Who Dat, huh?!

OK, if you’re a Saints fan you will be mad about this. If you’re from New Orleans you’ll be even more mad. I waited all week to post about this because I thought I could incorporate my Friday music and who’d of thunk but it’s fitting for the Who Dat controversy and New Orleans.

Evidently, since the Saints won the NFC and their right to participate in the Superbowl this weekend, the NFL has ordered a cease and desist on all paraphernalia made for sale with “Who Dat?” on it — the chant of Saints’ fans. They are claiming marketplace rights to the slogan. Huh? Wow, is this greed in full exposure or what?

Ever since the Saints became popular, the fans have cheered, “Who Dat?” referring to “Who dat? Who dat? Who dat say dey gonna beat dem Saints? Who dat? Who dat?” and the phrase has been widely associated with the Saints. It was used long before now, however. It’s typical N’awlins slang for “who’s that” and yes, some folks actually talk this way in New Orleans, known as “Yats” but most folks there do not say “N’awlins” — only the stereotype characters in movies. We don’t drink mint juleps on our veranda either; yet, I have juleps in the summer on mine. The actual native pronunciation of New Orleans is closer to “Nu Orlins.” New Orleanians have had a penchant for mispronouncing many things like street names and “you all” becomes “y’all” even when speaking to an individual and not a group. (Sometimes I have to correct myself saying this.) But the “Who Dat” has been around even before this the Saints’ recent win. It was chanted in 80’s and made popular by Aaron Neville and as Senator David Vitter says, was probably used even in minstrels over 130 years ago. I have to give him credit for sicking it to the NFL for their silly and preposterous claim. He’s sending the NFL notices that say drop the “Who Dat” claim or sue me. He’s printing shirts that say “WHO DAT say we can’t print Who Dat!” Don’t you hear a song with that…..?

Having just gone through our long, over-a-year-due trademark approval for Casart™ coverings, I can proudly say we are fully registered; although, the ™ looks better than the ® symbol, so we may just keep it — at least until we run out of business cards. I learned a lot about trademarks and marketplace rights in the process. Even if I didn’t register the rights to casart with the PTO (Patent and Trade Office), I still could claim first use rights, as I was the first one documented to use it in the marketplace with my decorative painting services, which I started in 1992, wow 18 years ago! The official trademark and registration (PTO review and approval) just further protects my business because it’s gone through a legal, vetting process. Where’s the NFL’s filing and “statement of use” and proof that they used it first in the marketplace? It is without a doubt public domain, used by the fans, not even the Saints hold claim to it. Just because the NFL filed, btw, doesn’t mean they have the trademark. It has to be approved first. Here’s our official black and gold Casart coverings tribute to the Saints.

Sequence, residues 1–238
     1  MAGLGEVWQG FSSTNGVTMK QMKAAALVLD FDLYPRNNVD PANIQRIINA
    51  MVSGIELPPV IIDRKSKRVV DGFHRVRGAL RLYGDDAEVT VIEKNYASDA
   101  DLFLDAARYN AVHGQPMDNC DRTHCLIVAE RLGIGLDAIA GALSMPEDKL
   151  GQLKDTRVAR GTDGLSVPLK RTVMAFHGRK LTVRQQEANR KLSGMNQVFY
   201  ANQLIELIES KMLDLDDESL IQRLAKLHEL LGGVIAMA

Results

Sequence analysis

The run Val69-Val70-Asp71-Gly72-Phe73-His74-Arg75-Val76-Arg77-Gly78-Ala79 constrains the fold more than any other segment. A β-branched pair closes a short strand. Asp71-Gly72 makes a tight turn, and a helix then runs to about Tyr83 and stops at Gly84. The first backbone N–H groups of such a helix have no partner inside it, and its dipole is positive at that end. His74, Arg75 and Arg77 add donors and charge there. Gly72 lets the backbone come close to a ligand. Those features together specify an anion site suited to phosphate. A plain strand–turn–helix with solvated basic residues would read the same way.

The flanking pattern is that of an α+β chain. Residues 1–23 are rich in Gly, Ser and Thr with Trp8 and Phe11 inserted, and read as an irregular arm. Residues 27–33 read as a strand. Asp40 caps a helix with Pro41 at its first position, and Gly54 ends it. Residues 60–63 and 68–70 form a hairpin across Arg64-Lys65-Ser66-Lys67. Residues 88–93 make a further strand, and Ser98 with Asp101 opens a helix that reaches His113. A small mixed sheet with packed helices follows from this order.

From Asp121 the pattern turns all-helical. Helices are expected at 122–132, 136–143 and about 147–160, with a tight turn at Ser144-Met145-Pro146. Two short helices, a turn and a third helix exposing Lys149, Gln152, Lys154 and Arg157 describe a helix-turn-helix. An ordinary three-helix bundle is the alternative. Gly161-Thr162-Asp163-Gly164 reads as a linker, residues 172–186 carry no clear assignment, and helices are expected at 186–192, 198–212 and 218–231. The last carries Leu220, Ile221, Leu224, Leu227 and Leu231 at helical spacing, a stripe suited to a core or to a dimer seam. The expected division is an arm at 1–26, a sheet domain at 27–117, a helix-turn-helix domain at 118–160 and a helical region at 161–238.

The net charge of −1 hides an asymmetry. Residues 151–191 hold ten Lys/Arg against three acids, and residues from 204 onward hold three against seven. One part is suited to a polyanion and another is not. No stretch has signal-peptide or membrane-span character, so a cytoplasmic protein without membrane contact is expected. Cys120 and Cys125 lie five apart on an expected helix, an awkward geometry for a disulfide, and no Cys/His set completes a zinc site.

Go sit on a football NFL and watch this to Kick Start Your Weekend. Go Saints! Even if we don’t win, everyone associated with New Orleans is just so ecstatic that we’ve come this far.

Who Dat Nation fan gets into the spirit

Aaron Neville and the Topcats from 1980’s:

And despite the controversy, this is a truthful and moving video to remember why this is so important to New Orleans, The Saints are a symbolic “reflection of the city’s rising:”

The Soul of New Orleans:


Super Art Smackdown Bet

The Saints better win the Super Bowl! There’s a high stake art bet taking place between the NOMA (New Orleans Museum of Art) and Indianapolis Museum of Art (IMA). If Saints win, IMA will send, “The Fifth Plague of Egypt,” painted in 1800 by William Turner and if the Colts win, NOMA will send, “Ideal View of Tivoli,” painted in 1644 by Claude Lorrain. This is was an inside bet between museum directors William Anderson of IMA and John Bullard of NOMA, each equally confident that they won’t have to comply. The Times Picayune describes the humorous details of the high brow chat and circumstances. No details, however, on how long either of the paintings will be on loan.

the_fifth_plague_of_egypt_1800 by William Turner

Ideal View of Tivoli, painted in 1644 by Claude Lorrain

If you’d rather get a little higher up reach on those Mardi Gras beads, why not purchase a handmade ladder from YaYa (Young Aspirations/Young Artists)? It’s an after school, apprentice program in New Orleans that inspires young adults to create art while focusing on artistic training, design, and production as well as professional skills that involve art pricing, art marketing, and career-building. They have a 20 year successful track record, not to mention you get something uniquely made from New Orleans in the process.



If you’re not from New Orleans and you don’t know what to do with these ladders, here you go:

Mardi Gras Ladders from Virtually Shocking.com blog

You may want to read Friday’s post on the Who Dat controversy. Hopefully, it won’t affect this Who Dat ladder design….

In the meantime, we just introduced new Casart coverings Virtual Gift Cards and one just in time just for the Super Bowl and Mardi Gras.